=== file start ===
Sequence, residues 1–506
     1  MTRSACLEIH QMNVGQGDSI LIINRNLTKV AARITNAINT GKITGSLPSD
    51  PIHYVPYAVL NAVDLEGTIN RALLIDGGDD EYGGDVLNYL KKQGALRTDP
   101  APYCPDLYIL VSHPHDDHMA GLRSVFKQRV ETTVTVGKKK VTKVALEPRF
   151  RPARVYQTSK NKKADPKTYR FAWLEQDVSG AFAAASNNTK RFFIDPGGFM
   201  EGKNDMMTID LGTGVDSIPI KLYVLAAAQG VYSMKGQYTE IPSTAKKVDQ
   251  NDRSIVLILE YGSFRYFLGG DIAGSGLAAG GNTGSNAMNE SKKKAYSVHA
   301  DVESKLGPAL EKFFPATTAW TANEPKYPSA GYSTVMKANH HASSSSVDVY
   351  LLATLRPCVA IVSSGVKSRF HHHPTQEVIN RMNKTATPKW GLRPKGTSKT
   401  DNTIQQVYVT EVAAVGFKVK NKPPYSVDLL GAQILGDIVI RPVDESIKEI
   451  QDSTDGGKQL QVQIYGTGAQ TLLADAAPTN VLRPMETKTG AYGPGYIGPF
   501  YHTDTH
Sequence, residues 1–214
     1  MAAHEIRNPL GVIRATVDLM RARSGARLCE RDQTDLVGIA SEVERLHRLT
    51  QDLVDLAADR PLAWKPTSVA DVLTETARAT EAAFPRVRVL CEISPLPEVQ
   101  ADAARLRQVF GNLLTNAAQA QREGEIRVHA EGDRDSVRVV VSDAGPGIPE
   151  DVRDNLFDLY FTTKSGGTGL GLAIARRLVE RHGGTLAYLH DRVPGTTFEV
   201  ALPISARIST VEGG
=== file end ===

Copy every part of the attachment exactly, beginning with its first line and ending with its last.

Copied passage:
Sequence, residues 1–506
     1  MTRSACLEIH QMNVGQGDSI LIINRNLTKV AARITNAINT GKITGSLPSD
    51  PIHYVPYAVL NAVDLEGTIN RALLIDGGDD EYGGDVLNYL KKQGALRTDP
   101  APYCPDLYIL VSHPHDDHMA GLRSVFKQRV ETTVTVGKKK VTKVALEPRF
   151  RPARVYQTSK NKKADPKTYR FAWLEQDVSG AFAAASNNTK RFFIDPGGFM
   201  EGKNDMMTID LGTGVDSIPI KLYVLAAAQG VYSMKGQYTE IPSTAKKVDQ
   251  NDRSIVLILE YGSFRYFLGG DIAGSGLAAG GNTGSNAMNE SKKKAYSVHA
   301  DVESKLGPAL EKFFPATTAW TANEPKYPSA GYSTVMKANH HASSSSVDVY
   351  LLATLRPCVA IVSSGVKSRF HHHPTQEVIN RMNKTATPKW GLRPKGTSKT
   401  DNTIQQVYVT EVAAVGFKVK NKPPYSVDLL GAQILGDIVI RPVDESIKEI
   451  QDSTDGGKQL QVQIYGTGAQ TLLADAAPTN VLRPMETKTG AYGPGYIGPF
   501  YHTDTH
Sequence, residues 1–214
     1  MAAHEIRNPL GVIRATVDLM RARSGARLCE RDQTDLVGIA SEVERLHRLT
    51  QDLVDLAADR PLAWKPTSVA DVLTETARAT EAAFPRVRVL CEISPLPEVQ
   101  ADAARLRQVF GNLLTNAAQA QREGEIRVHA EGDRDSVRVV VSDAGPGIPE
   151  DVRDNLFDLY FTTKSGGTGL GLAIARRLVE RHGGTLAYLH DRVPGTTFEV
   201  ALPISARIST VEGG